I couldn’t understand.
How could I understand?
I couldn’t let myself understand…
For fear that if I let myself understand, paralysis would ensue.
According to Newton’s 1st Law of Motion I would be doomed if I stopped.
I’d already started and was the first in the group each day to grab a scalpel and pull down the gauze.
When teammates hesitated to chip away the frontal bone, I was the first to offer to perform the task.
But despite being first to initiate dissections on our donor, I also felt it my duty to protect him. I always maintained contact with a part of him, placing the palm of my hand usually on his arm or his abdomen. And yet, now I realize that keeping constant contact with the chilled and moist muscles beneath my double-gloved hand wasn’t protection for our donor at all, but for myself. It was a selfish act, a strange way to keep myself grounded. If I could keep my hands involved, then just maybe I could tether my mind to the current task and not allow it to rise up and reflect.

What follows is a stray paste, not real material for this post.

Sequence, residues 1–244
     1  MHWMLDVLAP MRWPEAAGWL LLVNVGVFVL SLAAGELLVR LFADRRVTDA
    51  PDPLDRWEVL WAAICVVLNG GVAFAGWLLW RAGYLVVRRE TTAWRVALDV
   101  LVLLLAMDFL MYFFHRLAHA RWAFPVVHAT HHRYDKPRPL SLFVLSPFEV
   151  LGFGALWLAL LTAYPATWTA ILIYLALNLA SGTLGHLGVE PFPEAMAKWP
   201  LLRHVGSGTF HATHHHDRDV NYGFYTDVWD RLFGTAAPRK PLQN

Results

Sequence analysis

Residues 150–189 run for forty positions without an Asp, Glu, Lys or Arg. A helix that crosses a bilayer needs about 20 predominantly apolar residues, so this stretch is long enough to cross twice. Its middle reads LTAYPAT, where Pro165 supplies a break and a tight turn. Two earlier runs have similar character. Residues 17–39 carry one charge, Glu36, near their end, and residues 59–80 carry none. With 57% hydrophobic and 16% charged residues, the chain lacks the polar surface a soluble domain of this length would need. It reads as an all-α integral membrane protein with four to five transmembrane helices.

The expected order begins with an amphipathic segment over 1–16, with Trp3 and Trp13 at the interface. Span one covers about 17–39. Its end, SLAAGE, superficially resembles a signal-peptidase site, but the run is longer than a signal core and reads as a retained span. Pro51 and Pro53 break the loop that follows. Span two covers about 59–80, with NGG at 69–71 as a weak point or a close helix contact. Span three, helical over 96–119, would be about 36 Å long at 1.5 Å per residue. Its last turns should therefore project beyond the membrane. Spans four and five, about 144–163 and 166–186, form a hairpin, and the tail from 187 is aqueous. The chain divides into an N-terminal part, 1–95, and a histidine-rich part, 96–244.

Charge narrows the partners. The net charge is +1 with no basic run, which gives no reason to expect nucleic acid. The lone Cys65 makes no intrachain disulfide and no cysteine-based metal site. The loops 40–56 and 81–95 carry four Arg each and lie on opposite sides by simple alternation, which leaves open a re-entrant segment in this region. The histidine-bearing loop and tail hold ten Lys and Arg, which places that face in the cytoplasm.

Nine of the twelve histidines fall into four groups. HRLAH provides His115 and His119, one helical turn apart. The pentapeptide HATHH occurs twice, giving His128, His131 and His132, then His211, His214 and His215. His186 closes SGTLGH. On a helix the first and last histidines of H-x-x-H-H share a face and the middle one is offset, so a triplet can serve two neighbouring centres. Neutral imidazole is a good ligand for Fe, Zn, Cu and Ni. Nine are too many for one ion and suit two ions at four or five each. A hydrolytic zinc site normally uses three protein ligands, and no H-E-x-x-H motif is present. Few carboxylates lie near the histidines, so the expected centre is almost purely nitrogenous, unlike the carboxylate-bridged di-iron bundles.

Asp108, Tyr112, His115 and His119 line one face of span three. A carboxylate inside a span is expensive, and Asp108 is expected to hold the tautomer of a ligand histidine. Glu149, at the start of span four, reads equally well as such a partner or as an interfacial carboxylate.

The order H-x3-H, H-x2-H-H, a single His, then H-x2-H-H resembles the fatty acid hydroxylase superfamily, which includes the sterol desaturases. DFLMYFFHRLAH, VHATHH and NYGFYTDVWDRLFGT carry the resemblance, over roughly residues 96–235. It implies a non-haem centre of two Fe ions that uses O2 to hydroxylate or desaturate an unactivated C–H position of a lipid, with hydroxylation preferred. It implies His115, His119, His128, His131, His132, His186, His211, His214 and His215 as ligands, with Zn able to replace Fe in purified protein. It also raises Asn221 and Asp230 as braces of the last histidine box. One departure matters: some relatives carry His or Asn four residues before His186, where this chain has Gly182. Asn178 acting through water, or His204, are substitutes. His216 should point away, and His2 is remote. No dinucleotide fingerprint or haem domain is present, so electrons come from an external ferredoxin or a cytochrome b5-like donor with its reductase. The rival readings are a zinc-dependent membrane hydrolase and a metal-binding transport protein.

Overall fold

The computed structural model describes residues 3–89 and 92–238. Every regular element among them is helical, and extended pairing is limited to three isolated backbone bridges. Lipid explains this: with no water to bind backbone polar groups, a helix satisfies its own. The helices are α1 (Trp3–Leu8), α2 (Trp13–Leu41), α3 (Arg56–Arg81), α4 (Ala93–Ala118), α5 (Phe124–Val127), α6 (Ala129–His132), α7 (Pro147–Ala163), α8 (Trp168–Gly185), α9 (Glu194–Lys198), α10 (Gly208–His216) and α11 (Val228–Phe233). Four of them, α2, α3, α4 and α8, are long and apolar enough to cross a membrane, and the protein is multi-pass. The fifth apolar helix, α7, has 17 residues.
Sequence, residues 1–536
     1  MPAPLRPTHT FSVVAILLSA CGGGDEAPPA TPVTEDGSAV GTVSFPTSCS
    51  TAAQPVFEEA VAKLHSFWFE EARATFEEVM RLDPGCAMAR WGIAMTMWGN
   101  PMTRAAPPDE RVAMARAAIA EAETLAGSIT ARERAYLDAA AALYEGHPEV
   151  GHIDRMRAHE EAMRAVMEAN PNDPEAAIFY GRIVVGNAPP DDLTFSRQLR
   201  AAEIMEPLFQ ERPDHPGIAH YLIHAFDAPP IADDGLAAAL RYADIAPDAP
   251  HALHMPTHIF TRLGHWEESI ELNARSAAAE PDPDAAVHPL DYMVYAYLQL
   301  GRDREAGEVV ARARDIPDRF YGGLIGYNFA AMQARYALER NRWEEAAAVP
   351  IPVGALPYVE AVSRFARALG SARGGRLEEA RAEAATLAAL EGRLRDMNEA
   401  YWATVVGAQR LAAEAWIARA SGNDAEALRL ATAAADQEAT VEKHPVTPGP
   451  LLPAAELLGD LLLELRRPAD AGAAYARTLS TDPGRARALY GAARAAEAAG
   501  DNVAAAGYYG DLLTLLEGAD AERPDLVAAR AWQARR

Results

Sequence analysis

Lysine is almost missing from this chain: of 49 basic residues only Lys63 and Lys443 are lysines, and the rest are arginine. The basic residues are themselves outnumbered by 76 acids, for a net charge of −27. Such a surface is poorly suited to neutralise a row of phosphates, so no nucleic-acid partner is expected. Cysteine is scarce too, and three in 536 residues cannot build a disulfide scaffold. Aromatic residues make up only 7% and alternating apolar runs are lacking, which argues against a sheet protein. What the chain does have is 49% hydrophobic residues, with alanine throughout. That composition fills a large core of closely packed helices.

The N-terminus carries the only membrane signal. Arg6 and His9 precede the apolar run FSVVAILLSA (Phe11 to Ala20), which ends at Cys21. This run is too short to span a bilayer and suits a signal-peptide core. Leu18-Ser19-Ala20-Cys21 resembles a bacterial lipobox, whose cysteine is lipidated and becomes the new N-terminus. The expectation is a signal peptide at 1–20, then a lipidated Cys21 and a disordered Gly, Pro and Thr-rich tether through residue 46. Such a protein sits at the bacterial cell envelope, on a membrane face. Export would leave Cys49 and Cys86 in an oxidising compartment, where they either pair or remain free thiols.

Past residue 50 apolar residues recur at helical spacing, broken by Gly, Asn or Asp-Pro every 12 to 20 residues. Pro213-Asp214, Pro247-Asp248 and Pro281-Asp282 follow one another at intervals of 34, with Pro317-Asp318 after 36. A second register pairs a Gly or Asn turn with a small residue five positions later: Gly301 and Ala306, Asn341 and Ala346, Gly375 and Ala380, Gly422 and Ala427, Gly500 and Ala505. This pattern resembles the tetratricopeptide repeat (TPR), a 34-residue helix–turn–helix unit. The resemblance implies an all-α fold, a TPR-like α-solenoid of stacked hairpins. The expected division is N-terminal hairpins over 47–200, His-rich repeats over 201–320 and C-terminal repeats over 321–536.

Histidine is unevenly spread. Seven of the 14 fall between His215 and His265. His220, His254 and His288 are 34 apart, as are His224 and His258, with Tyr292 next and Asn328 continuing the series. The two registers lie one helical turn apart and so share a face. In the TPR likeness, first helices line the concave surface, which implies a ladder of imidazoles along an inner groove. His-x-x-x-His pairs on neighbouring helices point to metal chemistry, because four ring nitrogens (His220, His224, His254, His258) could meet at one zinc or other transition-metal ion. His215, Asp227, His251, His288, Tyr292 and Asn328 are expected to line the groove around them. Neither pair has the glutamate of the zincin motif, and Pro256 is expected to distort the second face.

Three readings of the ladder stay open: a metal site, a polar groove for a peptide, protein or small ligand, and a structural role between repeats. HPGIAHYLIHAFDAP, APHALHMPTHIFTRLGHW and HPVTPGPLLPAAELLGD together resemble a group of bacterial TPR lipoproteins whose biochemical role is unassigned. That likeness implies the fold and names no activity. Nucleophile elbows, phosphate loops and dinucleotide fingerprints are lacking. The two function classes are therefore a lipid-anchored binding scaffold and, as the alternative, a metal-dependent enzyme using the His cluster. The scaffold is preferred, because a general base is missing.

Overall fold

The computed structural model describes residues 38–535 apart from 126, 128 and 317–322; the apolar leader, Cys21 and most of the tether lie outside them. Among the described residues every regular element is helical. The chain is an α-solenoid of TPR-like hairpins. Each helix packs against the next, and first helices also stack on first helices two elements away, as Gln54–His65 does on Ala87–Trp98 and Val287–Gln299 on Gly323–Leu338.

Now I realize my error and cowardice.
I took the easy way out.
Yes, it would have been more difficult to regain inertia if I paused to contemplate my actions
But maybe I would have taken a greater appreciation of the humanity of the situation.
For that, I admire my teammates who took the time to hesitate.
They are braver than I ever was.
This writing is a response to the piece “Gross Anatomy” by writer, poet, and medical student Hannah Erlbacher. Importantly, Hannah and I started our close friendship in the anatomy lab. This piece is dedicated to her, one of my dearest friends and inspirations. “
About the Author
Lola Lozano is a first year MSTP student dedicated to integrating the arts and humanities with science and medicine.